Agent-based modeling has provided epidemiologists with an advanced tool to estimate critical epidemiologic outcomes among large, diverse populations. The proposed research will build on a well-established model platform, the HIV-Calibrated Dynamic Model (HIV-CDM), to construct a model of the HIV epidemic in Miami, which experiences among the highest rates of new HIV infection in the country. In response to the growing HIV epidemic in Miami, local policymakers, clinicians, and researchers have formed a ?Getting to Zero? Task Force that seeks to eliminate all new HIV infections in the Miami metropolitan area. The campaign is founded on the principle of combination prevention, which enlists the concurrent use of many evidence-based prevention strategies, such as treatment as prevention, pre-exposure prophylaxis (PrEP), and frequent/targeted HIV testing. Presently it is unknown what effect this campaign will have on incident HIV infections in Miami. This proposal seeks to use agent-based modeling to estimate the long-term impact of the combination prevention program outlined in the Getting to Zero campaign adopted in 2017. Along with estimating specific epidemic outcomes (e.g., HIV incidence, HIV prevalence, time to epidemic elimination), this approach may also assess the relative contribution of each component to the success of the program. Such estimates will be crucial in maximizing the goals of the campaign, as well as assist with the implementation of similar HIV elimination programs. This proposal will: (1) expand the HIV-CDM model, to simulate the demographics and HIV risk behavior of the diverse metropolitan Miami population; (2) estimate the success and limitations of the Getting to Zero campaign using the HIV-CDM model; and (3) perform primary and secondary analyses within subgroups of the Miami population to better understand current research gaps, and those identified in the first two aims. Each component of the research plan will be supported and aligned with specific training components designed to provide the candidate with the necessary professional development and mentorship to execute the research aims, and begin an independent research career. The results obtained from this work may directly impact the assessment of the Miami Getting to Zero campaign and inform all future HIV elimination campaigns in the U.S. and globally. Additionally, the training program will provide exceptional methodological and practical experience leading to an independent and influential scientific career. Supporting this work will be a mentorship team of academic and community leaders in HIV elimination, epidemiology and modeling methodology. This mentorship will build on the methodological and substantive experience I have demonstrated while leading numerous studies on epidemic modeling and HIV epidemiology.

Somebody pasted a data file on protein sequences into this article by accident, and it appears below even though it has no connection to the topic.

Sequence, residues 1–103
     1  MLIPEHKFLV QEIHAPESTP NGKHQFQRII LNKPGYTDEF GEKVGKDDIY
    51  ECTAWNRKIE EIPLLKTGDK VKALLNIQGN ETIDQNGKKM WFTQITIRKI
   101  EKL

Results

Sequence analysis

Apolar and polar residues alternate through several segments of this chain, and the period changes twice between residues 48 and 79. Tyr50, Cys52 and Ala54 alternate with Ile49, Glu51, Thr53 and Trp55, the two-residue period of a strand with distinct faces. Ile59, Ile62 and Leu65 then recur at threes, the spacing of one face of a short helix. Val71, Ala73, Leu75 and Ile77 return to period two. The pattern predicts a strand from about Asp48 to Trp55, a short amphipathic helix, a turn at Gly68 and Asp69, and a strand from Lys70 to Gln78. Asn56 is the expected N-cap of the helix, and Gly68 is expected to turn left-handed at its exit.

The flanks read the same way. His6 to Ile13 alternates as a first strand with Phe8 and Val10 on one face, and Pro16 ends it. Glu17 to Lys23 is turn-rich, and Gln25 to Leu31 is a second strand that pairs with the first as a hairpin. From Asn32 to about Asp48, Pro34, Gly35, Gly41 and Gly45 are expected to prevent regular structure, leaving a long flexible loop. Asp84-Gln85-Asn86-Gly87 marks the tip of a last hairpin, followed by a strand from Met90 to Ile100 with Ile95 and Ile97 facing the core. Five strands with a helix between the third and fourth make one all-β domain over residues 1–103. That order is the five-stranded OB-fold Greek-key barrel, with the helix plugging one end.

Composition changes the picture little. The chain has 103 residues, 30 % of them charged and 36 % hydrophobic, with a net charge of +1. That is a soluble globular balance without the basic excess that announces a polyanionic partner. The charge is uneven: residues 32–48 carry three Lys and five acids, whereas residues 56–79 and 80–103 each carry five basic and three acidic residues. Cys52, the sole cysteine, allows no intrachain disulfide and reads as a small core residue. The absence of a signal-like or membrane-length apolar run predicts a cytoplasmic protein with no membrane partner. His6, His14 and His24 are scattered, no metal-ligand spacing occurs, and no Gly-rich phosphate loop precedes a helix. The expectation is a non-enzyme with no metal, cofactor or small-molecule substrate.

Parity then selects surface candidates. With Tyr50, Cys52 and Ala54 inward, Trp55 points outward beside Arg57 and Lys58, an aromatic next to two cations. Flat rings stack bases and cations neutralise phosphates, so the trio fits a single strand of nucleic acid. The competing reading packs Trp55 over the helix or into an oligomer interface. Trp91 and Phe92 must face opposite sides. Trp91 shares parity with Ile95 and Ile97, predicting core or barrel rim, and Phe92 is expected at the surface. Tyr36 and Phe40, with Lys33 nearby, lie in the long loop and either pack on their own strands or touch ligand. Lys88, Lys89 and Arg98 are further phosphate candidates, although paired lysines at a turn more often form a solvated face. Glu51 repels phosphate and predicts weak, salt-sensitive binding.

Public Health Relevance

The proposed research seeks to use agent-based epidemiologic modeling to estimate the impact of the HIV elimination campaign in Miami, FL, termed ?Getting to Zero.? The Miami metropolitan area is home to one of the most highly-burdened and growing HIV epidemics in the country, and results of this work will provide estimates for critical epidemiologic outcomes following implementation of the elimination campaign, as well as suggest the likelihood or timetable for the elimination of new infections.

National Institute of Health (NIH)
National Institute of Allergy and Infectious Diseases (NIAID)
Research Scientist Development Award - Research & Training (K01)
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Acquired Immunodeficiency Syndrome Research Review Committee (AIDS)
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Mckaig, Rosemary G
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Harvard University
Public Health & Prev Medicine
Schools of Public Health
United States
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